Computer Laboratory

Technical reports

An architecture for integrated services on the local area network

Stephen Ades

September 1987, 166 pages

This technical report is based on a dissertation submitted January 1987 by the author for the degree of Doctor of Philosophy to the University of Cambridge, Trinity College.

Abstract

This dissertation concerns the provision of integrated services in a local area context, e.g. on business premises. The term integrated services can be understood at several levels. At the lowest, one network may be used to carry traffic of several media—voice, data, images etc. Above that, the telephone exchange may be replaced by a more versatile switching system, incorporating facilities such as stored voice messages. Its facilities may be accessible to the user through the interface of the workstation rather than a telephone. At a higher level still, new services such as multi-media document manipulation may be added to the capabilities of a workstation.

Most of the work to date has been at the lowest of these levels, under the auspices of the Integrated Services Digital Network (ISDN), which mainly concerns wide area communications systems. The thesis presented here is that all of the above levels are important in a local area context. In an office environment, sophisticated data processing facilities in a workstation can usefully be combined with highly available telecommunications facilities such as the telephone, to offer the user new services which make the working day more pleasant and productive. That these facilities should be provided across one integrated network, rather than by several parallel single medium networks is an important organisational convenience to the system builder.

The work described in this dissertation is relevant principally in a local area context—in the wide area economics and traffic balance dictate that the emphasis will be on only the network level of integration for some time now. The work can be split into three parts:

i) the use of a packet network to carry mixed media. This has entailed design of packet voice protocols which produce delays low enough for the network to interwork with national telephone networks. The system has also been designed for minimal cost per telephone—packet-switched telephone systems have traditionally been more expensive than circuit-switched types. The network used as a foundation for this work has been the Cambridge Fast Ring.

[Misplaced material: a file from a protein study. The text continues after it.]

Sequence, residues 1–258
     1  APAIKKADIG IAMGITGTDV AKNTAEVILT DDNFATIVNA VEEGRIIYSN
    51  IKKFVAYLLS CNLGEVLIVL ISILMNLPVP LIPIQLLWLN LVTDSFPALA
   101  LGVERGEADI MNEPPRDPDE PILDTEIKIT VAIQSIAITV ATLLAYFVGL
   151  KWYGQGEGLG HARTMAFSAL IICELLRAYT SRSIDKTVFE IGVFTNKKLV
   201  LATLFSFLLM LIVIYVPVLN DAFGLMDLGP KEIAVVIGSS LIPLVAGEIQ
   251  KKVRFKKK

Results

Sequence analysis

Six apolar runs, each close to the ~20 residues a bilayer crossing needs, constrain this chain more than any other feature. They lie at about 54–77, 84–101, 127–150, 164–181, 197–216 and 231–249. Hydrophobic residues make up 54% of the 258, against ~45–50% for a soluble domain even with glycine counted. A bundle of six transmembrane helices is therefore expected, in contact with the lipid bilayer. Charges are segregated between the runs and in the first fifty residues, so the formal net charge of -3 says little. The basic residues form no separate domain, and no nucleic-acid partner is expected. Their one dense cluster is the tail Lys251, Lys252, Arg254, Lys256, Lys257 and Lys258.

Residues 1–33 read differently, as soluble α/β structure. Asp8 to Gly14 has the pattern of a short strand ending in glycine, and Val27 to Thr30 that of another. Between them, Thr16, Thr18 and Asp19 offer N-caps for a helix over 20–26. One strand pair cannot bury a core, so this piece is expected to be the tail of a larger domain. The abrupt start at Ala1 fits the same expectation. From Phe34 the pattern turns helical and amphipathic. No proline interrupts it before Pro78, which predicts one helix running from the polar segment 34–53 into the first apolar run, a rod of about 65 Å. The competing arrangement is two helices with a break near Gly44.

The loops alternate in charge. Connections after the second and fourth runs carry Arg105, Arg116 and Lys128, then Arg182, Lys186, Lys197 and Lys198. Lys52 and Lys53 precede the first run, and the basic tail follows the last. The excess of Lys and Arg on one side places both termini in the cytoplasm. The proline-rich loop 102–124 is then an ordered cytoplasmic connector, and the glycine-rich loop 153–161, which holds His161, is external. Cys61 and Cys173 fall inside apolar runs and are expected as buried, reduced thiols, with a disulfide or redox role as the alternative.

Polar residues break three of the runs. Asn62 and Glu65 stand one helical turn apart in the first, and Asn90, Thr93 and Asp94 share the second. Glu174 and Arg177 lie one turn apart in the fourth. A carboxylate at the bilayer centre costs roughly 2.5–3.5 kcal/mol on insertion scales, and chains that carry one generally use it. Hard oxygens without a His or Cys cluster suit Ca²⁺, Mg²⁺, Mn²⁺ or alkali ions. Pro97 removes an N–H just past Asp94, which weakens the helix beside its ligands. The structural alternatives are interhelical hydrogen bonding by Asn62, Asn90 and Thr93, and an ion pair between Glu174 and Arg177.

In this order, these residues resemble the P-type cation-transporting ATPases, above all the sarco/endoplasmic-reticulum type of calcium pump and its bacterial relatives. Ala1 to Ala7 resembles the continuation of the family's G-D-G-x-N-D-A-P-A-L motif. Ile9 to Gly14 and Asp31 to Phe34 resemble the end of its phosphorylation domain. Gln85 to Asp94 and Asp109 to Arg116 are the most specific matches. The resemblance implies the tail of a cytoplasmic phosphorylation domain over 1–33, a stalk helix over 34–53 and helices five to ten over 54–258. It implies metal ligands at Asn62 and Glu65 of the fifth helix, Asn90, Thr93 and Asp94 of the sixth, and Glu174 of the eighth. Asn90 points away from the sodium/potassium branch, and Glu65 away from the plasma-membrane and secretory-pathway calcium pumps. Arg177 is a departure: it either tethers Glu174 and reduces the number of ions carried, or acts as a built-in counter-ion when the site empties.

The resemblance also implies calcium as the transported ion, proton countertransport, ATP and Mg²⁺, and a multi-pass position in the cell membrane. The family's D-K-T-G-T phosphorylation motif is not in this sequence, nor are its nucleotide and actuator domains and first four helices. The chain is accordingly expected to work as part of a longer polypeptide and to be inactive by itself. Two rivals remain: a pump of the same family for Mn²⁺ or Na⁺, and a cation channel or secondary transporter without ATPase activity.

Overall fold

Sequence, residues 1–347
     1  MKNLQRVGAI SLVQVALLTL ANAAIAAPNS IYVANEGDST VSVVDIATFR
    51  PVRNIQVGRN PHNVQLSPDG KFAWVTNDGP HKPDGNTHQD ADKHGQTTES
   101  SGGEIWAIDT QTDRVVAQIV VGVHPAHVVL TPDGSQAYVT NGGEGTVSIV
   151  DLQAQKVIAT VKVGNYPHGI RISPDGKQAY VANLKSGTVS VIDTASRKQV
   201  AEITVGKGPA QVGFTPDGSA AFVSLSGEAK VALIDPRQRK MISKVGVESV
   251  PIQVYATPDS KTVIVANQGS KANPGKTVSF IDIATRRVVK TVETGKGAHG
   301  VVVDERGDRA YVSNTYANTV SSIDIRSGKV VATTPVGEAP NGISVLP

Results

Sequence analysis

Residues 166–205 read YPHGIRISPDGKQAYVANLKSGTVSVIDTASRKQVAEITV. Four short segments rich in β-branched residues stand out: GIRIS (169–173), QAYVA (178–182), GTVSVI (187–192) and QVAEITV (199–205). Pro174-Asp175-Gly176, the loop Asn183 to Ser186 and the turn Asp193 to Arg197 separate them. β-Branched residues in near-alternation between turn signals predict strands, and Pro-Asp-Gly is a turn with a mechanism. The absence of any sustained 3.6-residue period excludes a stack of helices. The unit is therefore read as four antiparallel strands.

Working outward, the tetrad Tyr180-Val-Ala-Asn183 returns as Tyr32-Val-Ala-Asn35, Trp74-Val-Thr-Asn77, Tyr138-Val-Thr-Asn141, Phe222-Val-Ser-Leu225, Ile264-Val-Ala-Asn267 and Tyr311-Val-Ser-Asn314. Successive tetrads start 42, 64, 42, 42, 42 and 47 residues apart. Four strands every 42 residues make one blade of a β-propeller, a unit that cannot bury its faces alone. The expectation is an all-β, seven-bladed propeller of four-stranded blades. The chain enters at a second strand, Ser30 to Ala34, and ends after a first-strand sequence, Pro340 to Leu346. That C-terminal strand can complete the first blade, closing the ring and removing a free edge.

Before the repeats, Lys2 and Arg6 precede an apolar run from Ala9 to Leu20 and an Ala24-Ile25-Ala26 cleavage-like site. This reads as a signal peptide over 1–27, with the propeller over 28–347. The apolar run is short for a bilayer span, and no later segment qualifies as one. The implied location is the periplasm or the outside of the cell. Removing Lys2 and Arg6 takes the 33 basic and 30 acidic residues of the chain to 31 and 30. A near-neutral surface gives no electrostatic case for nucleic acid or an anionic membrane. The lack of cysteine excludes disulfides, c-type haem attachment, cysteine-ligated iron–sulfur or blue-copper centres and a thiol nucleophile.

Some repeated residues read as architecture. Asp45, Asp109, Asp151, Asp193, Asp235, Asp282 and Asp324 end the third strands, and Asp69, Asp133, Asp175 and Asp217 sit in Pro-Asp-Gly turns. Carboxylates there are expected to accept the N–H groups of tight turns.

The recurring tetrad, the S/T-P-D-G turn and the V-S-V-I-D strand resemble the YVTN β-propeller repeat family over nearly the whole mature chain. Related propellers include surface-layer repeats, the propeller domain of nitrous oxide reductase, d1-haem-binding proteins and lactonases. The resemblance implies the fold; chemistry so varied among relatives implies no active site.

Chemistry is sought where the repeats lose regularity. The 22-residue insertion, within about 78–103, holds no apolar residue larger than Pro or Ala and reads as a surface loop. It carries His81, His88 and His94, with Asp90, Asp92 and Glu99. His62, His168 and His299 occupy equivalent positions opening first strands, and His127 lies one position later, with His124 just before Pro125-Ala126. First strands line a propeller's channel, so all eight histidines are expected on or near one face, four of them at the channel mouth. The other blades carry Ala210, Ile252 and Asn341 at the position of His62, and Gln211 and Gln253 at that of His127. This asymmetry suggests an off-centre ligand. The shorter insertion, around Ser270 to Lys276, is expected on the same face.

ii) use of techniques well established in distributed computing systems to build an ‘integrated services PABX (Private Automatic Branch Exchange)’. Current PABX designs have a very short life expectancy and an alarmingly high proportion of their costs is due to software. The ideas presented here can help with both of these problems, produce an extensible system and provide a basis for new multi-media services.

iii) development of new user level Integrated Services. Work has been done in three areas. The first is multi-media documents. A voice editing interface is described along with the system structure required to support it. Secondly a workstation display has been built to support a variety of services based upon image manipulation and transmission. Finally techniques have been demonstrated by which a better interface to telephony functions can be provided to the user, using methods of control typical of workstation interfaces.

Full text

PDF (11.5 MB)

BibTeX record

@TechReport{UCAM-CL-TR-114,
  author =	 {Ades, Stephen},
  title = 	 {{An architecture for integrated services on the local area
         	   network}},
  year = 	 1987,
  month = 	 sep,
  url = 	 {http://www.cl.cam.ac.uk/techreports/UCAM-CL-TR-114.pdf},
  institution =  {University of Cambridge, Computer Laboratory},
  number = 	 {UCAM-CL-TR-114}
}